THE BRITISH government borrowed £163.4bn during the last financial year, the highest amount since World War Two but still slightly below government forecasts.
The level of borrowing, which is at more than 11 per cent of national income, was £3.6bn lower than Alistair Darling’s Budget forecast of £167bn.
The huge budget deficit pushed public sector net debt to £890bn at the end of March, a staggering 62 per cent of GDP, highlighting the need for the next government to usher in swingeing spending cuts to repair the public finances.
Labour was quick to claim credit for the fact that the deficit was slightly lower than forecast, although economists said the main reason was lower-than-expected borrowing by local authorities.
Liam Byrne, chief secretary to the Treasury, said the borrowing figures showed that the government had successfully supported the economy through the recession.
He added: “Borrowing is significantly below the levels forecast in the autumn. The government’s action to help families and firms has supported the economy, and meant that tax receipts have come in better than many expected.”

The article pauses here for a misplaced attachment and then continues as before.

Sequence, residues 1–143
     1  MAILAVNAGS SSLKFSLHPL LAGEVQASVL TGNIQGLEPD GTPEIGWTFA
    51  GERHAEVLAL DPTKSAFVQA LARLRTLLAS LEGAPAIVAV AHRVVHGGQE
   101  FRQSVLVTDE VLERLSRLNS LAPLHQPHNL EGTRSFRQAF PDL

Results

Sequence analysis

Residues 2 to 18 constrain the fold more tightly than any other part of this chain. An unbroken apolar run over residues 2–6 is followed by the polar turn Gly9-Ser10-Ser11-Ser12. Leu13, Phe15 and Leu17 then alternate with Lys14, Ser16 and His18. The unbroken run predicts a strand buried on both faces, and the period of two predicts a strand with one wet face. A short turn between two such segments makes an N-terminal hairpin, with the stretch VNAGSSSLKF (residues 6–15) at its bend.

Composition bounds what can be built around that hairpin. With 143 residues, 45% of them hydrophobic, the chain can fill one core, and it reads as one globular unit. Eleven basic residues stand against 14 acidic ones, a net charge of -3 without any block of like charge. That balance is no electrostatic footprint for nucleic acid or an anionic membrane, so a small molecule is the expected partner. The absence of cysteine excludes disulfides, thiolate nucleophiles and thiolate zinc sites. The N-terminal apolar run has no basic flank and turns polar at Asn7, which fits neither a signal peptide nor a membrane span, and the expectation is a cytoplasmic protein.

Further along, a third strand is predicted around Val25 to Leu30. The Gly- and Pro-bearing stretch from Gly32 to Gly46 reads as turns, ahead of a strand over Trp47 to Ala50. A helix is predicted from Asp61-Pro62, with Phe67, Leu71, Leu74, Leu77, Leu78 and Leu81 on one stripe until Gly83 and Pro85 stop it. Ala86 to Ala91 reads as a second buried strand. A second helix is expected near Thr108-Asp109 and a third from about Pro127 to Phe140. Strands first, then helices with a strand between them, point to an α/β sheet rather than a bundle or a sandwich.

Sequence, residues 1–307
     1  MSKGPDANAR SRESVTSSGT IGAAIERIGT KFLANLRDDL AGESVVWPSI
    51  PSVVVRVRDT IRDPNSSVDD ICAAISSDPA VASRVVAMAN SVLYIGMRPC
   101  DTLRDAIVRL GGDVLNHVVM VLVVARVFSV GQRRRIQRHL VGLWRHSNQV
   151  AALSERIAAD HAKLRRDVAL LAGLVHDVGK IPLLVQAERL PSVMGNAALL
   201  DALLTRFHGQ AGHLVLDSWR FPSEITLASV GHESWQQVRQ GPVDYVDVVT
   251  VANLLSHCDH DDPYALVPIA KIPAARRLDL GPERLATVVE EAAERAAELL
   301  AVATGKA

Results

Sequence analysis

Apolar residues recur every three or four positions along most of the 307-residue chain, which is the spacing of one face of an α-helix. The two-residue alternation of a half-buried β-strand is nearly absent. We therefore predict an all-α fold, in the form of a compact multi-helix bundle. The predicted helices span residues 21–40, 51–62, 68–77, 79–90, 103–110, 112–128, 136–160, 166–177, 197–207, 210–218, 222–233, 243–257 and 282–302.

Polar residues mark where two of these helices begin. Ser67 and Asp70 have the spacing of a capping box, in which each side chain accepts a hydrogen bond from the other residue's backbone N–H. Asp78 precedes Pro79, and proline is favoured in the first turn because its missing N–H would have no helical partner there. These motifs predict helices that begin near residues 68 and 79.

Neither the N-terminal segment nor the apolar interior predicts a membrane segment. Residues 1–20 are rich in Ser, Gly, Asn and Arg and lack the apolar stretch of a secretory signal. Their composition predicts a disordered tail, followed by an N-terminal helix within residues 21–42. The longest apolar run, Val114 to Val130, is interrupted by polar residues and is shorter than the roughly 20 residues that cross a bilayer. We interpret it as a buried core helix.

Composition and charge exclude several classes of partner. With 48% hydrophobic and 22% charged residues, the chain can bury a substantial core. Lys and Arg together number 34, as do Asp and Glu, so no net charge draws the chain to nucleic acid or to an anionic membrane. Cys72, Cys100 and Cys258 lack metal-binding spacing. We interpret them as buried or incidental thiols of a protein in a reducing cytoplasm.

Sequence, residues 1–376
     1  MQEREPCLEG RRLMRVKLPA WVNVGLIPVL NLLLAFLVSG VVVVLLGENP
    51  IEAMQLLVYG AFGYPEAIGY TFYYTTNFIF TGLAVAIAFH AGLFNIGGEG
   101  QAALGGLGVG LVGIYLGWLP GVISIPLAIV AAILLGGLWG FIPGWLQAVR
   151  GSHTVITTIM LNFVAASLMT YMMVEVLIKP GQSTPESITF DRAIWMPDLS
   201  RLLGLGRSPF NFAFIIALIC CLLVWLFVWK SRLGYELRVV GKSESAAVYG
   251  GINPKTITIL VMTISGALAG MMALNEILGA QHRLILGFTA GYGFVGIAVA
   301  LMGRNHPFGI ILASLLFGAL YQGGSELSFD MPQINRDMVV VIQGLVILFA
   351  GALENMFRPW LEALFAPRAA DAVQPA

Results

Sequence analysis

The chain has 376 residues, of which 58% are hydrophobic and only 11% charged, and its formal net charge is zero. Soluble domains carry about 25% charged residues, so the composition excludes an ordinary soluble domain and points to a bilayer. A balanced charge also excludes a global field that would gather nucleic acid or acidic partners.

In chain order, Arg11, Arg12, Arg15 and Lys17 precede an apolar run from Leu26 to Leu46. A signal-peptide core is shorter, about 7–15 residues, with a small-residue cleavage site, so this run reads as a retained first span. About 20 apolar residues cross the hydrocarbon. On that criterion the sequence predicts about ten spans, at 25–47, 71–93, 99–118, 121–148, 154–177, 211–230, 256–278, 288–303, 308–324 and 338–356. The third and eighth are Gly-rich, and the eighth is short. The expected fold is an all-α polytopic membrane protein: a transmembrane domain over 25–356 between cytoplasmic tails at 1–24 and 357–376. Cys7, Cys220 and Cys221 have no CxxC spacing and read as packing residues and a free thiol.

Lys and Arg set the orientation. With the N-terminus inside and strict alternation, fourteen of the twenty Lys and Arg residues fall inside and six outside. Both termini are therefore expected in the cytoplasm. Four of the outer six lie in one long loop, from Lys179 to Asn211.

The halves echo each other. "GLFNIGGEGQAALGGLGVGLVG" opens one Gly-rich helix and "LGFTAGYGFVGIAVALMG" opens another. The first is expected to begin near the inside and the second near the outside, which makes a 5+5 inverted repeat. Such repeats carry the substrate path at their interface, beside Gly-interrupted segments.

But the Tories were quick to blame Labour for the parlous state of the public finances.
Philip Hammond, shadow chief secretary to the Treasury, said: “These borrowing figures remind us of the huge debt that has been built up under Gordon Brown. This year Britain will pay almost £42bn on debt interest alone – more than on educating our children.”
And Liberal Democrat Treasury spokesman Vince Cable said the figures showed the country faced a “massive challenge” and would “see several years of very tight spending control”.
Meanwhile, Hetal Mehta, senior adviser to the Ernst & Young Item Club, said the situation would not improve without severe fiscal tightening because “Treasury forecasts are still far too optimistic, both in terms of the speed of recovery and the extent to which tax revenues will recover.”